"This review is part of a broader trade conflict extending far beyond the polysilicon and solar industries, as an escalating number of trade disputes have been initiated throughout the globe in the last 12 months. This issue is serious and could impact Hemlock Semiconductor's ability to sell material to China -- its largest market -- if the Chinese government assesses duties against U.S. manufactured polysilicon sold into China.
"This case proves that no country or industry wins when trade disputes escalate. In China, these actions threaten the Chinese solar industry's access to the critical technical collaboration and material supply companies like Hemlock Semiconductor currently provide Chinese solar cell and module producers. This could lead to higher costs and potentially less globally competitive solar products from China.
"In the United States, more than $1 billion of U.S. exports and potentially thousands of U.S. jobs across the solar value chain are at risk -- as is the steady growth of the U.S. solar industry."
Dow Corning and Hemlock Semiconductor will continue to work closely with government officials from the U.S. and China to express the need for trade policies that acknowledge the dynamics and opportunities of a new and emerging global industry, said Hansen. "Ultimately, I am optimistic that a reasonable and mutually acceptable resolution is within reach which will enable and foster growth and cooperation."
China's dispute with the U.S. over solar-energy taxes is expected to hit in November perhaps in an effort to affect the election pitting President Barack Obama and Mitt Romney.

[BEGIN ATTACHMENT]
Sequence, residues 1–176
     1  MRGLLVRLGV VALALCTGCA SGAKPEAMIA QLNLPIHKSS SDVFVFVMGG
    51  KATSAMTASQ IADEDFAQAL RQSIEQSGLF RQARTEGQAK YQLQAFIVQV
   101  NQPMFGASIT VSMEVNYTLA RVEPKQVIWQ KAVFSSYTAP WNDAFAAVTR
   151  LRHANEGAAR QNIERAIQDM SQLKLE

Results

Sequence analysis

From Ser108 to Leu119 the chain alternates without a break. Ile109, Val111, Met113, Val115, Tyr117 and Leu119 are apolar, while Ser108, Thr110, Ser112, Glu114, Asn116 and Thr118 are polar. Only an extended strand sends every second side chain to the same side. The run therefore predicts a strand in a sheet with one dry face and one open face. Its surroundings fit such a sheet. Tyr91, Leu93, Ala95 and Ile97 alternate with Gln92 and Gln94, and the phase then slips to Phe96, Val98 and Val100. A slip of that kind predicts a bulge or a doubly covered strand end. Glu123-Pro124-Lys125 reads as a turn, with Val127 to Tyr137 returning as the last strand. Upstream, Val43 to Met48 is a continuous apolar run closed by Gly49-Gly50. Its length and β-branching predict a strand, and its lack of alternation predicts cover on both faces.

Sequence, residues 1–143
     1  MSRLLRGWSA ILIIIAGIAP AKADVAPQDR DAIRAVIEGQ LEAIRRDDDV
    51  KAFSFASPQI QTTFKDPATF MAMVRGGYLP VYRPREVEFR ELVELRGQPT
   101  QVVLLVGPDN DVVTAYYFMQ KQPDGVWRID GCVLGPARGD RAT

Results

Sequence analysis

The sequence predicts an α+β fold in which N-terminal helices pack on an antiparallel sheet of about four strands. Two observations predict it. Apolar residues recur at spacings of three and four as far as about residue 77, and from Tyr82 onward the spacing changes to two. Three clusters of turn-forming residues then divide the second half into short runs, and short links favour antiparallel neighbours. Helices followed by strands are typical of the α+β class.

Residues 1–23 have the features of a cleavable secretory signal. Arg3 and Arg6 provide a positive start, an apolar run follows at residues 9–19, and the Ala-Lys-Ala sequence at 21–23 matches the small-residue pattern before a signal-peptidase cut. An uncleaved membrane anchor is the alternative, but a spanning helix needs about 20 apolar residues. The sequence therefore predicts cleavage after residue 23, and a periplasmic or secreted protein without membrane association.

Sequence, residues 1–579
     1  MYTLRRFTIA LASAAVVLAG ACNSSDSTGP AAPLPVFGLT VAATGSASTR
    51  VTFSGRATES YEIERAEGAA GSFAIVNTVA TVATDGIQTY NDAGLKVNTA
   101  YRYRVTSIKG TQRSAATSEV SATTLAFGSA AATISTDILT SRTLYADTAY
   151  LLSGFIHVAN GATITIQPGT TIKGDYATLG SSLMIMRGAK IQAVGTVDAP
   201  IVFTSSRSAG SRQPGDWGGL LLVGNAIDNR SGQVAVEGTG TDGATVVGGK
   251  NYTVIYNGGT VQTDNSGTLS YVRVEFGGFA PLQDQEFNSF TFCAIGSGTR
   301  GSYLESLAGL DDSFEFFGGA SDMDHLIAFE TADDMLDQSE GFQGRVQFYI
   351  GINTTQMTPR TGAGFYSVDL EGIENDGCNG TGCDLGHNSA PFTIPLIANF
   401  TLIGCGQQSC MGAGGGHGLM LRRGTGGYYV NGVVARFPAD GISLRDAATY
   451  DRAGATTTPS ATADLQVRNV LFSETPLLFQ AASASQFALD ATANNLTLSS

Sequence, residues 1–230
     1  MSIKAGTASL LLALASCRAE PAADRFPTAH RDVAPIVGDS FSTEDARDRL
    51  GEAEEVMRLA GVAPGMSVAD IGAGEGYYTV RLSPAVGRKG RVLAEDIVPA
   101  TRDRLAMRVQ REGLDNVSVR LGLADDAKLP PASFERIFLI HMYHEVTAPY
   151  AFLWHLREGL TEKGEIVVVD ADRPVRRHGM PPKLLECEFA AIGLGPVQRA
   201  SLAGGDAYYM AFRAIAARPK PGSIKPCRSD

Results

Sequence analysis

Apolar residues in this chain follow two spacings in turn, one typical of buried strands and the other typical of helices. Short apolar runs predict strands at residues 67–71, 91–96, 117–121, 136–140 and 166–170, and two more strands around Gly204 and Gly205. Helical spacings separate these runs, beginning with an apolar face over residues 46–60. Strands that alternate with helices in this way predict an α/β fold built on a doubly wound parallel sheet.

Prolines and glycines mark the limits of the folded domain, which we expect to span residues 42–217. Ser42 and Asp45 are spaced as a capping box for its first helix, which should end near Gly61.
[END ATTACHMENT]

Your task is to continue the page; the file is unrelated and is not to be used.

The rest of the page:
Bloomberg News reported recently that China's Ministry of Commerce is expected to release preliminary findings on a complaint that U.S. manufacturers are dumping polysilicon.
Daqo New Energy Corp. (DQ) and Jiangsu Zhongneng Polysilicon Technology Development Co., two of four companies that brought the case, have prompted China to investigate whether exporters from the U.S. and South Korea sold solar-grade polysilicon below cost, a practice known as dumping.
The world's biggest supplier of solar panels also started a countervailing duty investigation into the commodity from the U.S., China's Ministry of Commerce said in two separate statements. The investigation will cover the 12 months beginning July 1, 2011.
The actions escalate a trade dispute between the world's biggest economies after the U.S. said in May it will impose duties on Chinese solar cells, which are devices made from polysilicon and assembled into panels that convert sunlight into electricity.